SKANDAL! Bringing Down Wirecard is now streaming globally on Netflix and tells the story of one of the biggest accounting frauds of the 21st century.
The much anticipated documentary has been directed by Emmy-nominated filmmaker, James Erskine, and produced by an Academy Award-winning production studio, Passion Pictures.
What is the Netflix documentary about?
Wirecard was a German fintech company, which gained incredible traction in its early years by fabricating the truth behind the company’s true financial position. The documentary consists of “the lying, the spying, the dirty tricks” and how through it all, FT journalists and KPMG uncovered the truth behind Wirecard’s fraudulent financial reporting.
Dan himself appears in the documentary as the protagonist who, alongside a ‘tenacious team of journalists’, led to the collapse of the German payment processor. The audience also gets an insight into the difficulties they faced individually, as Wirecard did its level best to ‘squash the story and discredit the FT’.
It's an incredible story of our age, the kind of case that makes you say: wait a minute, that just can't be true! We hear a lot about dirty money, and this film shows just how dangerous it is when that dirty money comes after you. It’s a privilege to bring it to the screen with Netflix and Passion Pictures, and to share it with a global audience.Investigative Reporter, The FT
The FT’s coverage on Wirecard:
The FT initiated its coverage on Wirecard back in 2015, when there were perceived concerns around the inconsistencies within its accounts.
It wasn’t until January 2019 that the FT published its first story on the Singapore investigation, after staff members contacted the FT about internal investigations that had been allegedly ‘squashed’. The story was immediately labelled as false and Wirecard accused the FT of market manipulation.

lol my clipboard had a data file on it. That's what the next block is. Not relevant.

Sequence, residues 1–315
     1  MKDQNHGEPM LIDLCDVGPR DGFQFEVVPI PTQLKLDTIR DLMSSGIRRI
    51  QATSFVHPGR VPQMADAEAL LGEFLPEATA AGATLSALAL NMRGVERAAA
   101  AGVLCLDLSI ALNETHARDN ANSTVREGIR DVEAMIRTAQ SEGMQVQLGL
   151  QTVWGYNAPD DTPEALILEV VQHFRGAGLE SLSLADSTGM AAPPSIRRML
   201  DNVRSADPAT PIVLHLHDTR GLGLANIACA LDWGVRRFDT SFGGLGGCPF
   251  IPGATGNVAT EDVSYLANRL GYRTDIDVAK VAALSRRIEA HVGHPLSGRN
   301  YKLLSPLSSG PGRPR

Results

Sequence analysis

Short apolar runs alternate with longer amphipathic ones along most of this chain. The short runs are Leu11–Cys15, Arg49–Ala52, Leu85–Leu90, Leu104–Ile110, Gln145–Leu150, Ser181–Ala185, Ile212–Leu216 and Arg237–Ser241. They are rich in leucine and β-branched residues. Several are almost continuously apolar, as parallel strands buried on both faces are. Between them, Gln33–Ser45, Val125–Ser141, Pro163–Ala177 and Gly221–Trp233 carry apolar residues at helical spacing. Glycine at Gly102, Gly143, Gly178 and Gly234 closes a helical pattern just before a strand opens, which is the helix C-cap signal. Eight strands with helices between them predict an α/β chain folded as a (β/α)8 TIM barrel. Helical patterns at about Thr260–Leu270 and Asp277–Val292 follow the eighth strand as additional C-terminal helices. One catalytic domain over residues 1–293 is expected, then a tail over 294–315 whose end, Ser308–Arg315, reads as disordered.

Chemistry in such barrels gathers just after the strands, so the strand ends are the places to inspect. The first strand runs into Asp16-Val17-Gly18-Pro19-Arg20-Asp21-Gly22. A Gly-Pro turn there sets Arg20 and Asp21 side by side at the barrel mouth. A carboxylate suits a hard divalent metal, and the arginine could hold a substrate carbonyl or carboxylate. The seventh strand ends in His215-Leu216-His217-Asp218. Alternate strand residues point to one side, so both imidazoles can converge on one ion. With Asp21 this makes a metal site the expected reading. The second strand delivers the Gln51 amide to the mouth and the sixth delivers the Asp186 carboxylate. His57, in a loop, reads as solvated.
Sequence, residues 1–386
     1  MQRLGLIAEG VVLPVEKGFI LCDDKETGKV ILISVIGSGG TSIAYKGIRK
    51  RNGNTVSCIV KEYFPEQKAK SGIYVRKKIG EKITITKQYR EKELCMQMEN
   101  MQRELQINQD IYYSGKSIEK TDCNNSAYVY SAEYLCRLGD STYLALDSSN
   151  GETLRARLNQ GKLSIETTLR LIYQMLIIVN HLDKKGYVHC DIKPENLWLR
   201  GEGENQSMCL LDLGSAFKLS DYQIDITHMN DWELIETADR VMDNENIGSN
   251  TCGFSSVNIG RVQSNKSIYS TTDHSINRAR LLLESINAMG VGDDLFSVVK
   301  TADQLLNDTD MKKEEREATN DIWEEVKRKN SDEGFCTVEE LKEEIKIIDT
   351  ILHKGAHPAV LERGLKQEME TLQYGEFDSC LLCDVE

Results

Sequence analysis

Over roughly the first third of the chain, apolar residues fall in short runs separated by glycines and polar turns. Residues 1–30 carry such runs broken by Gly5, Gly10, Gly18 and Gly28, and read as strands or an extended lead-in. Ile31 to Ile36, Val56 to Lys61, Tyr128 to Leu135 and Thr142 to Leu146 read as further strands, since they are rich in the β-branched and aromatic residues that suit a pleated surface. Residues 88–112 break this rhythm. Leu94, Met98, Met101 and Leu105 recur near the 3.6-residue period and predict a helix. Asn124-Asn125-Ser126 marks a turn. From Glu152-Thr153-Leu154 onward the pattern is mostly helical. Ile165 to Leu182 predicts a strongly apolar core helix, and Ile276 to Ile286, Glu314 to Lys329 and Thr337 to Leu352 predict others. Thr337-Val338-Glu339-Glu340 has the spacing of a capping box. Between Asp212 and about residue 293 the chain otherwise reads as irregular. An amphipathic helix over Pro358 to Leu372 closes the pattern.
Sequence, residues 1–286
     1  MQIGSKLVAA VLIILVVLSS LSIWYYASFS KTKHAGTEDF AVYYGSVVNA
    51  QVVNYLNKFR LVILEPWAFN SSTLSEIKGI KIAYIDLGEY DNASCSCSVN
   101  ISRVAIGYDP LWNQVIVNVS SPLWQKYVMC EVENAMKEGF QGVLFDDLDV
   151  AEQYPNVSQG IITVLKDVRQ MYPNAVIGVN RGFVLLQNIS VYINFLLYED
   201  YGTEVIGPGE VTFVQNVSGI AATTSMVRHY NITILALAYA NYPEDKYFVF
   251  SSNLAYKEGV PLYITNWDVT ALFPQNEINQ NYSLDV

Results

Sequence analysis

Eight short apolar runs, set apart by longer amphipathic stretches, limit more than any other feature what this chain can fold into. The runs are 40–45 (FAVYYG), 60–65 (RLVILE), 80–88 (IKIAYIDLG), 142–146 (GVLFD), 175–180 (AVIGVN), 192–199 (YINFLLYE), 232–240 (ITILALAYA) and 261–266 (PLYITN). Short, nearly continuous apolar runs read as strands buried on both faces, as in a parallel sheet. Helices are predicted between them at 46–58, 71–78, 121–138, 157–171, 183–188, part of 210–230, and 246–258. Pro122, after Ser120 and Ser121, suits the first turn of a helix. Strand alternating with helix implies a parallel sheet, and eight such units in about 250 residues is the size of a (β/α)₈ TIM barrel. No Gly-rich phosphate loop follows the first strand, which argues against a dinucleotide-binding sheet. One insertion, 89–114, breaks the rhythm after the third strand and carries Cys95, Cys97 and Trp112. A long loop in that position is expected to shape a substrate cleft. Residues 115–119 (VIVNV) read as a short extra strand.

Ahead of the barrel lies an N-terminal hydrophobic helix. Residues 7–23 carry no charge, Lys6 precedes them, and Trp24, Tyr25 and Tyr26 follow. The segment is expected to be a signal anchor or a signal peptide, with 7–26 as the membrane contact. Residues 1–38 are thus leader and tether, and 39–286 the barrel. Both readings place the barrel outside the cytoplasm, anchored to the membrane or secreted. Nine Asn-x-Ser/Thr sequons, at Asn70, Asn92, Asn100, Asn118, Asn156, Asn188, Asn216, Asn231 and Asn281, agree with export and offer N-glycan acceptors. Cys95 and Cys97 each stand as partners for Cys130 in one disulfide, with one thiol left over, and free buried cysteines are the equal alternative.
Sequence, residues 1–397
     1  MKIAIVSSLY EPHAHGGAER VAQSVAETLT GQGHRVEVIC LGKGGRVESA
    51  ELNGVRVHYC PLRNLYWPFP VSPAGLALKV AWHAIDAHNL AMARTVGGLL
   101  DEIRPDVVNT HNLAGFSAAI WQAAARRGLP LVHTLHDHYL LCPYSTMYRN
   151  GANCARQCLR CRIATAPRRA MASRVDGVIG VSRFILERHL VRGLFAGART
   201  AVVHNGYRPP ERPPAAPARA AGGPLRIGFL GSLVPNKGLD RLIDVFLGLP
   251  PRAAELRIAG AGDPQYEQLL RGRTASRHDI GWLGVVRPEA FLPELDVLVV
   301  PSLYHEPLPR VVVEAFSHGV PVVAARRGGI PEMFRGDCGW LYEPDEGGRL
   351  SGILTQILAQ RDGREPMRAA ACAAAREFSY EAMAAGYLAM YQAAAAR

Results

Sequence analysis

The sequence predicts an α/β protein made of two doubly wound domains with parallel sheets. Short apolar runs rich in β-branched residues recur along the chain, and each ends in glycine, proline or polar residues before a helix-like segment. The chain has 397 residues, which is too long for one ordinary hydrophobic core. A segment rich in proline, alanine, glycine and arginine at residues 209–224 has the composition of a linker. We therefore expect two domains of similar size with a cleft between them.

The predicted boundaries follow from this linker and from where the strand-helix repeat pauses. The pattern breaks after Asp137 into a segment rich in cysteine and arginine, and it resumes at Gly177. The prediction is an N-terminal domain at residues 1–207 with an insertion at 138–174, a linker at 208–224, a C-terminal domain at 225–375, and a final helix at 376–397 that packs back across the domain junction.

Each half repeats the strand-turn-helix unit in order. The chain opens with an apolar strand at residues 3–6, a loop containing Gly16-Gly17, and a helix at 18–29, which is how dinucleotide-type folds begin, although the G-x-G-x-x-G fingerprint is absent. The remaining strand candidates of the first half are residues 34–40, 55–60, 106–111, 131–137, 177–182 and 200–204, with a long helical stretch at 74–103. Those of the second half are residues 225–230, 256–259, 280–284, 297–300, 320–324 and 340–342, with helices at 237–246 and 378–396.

If the company for three months is showing a tendency to discredit and destroy, then the only way to protect yourself is to do what I did: take some incriminating data just as a shield.Former Lawyer, Wirecard AG
KPMG’s special audit of Wirecard occurred during October 2019. The report proved the FT to be accurate in its allegations, as KPMG could not verify exactly what had generated the majority of Wirecard’s profits between the years of 2016 and 2018. The report also called into question the €1bn of cash balances by a Singapore trustee who had ‘cut ties’ just as the audit began.
In June 2020, just as Wirecard collapsed into insolvency, Dan McCrum released a video outlining how he, alongside FT journalists, unveiled the massive accounting fraud. In September 2020, he published a full account of his experience in a comprehensive article for Inside Wirecard.
Want to know more about the scandal?
The documentary sheds light on the dangers of taking businesses like Wirecard at face value. Dan had to chip away many lies to reveal what remained hidden under ‘Wirecard's glossy surface’, that a supposed €1.9bn they claimed to have in their accounts, simply ‘did not exist’.
...free press is fundamental and must be protected.Editor, The FT
Dating back to January 2018, the FT provides an extensive collection of resources relating to the Wirecard story. Readers can add Wirecard AG to their myFT page to remain up-to-date with the latest news regarding current lawsuits against the German payment processor.
Key stories to deepen your understanding on the scandal:
- Find out what KPMG found in their special audit of Wirecard
- See FT’s full timeline of Wirecard from when it was founded to when it filed for insolvency
- Learn Dan’s experience of ‘intimidation, surveillance and conspiracy theories’ through his own words
- Discover how former Wirecard employee Pav Gill contacted the FT to expose the company
Latest news coverage on Wirecard:
The importance of credible journalism:
This story reaffirms the importance of trusted market intelligence in identifying risks, to give businesses a chance to foresee the dangers in certain corporate ventures. Netflix’s documentation of Wirecard will hopefully help spread awareness around the value that market intelligence can provide in maintaining a competitive advantage.
FT readers gain the most benefit when they first respond to the signals picked up by FT journalists. Initial questions around Wirecards accounting practices were raised back in 2015, but it wasn’t until 2020 that these accusations had been proven correct. Therefore, organisations who acknowledged the signals picked up by the FT, gained a substantial advantage as they moved towards mitigating the associated risks or used the situation to their favour. However, those who did not respond suffered a knock-on effect from the firm’s collapse in 2020.
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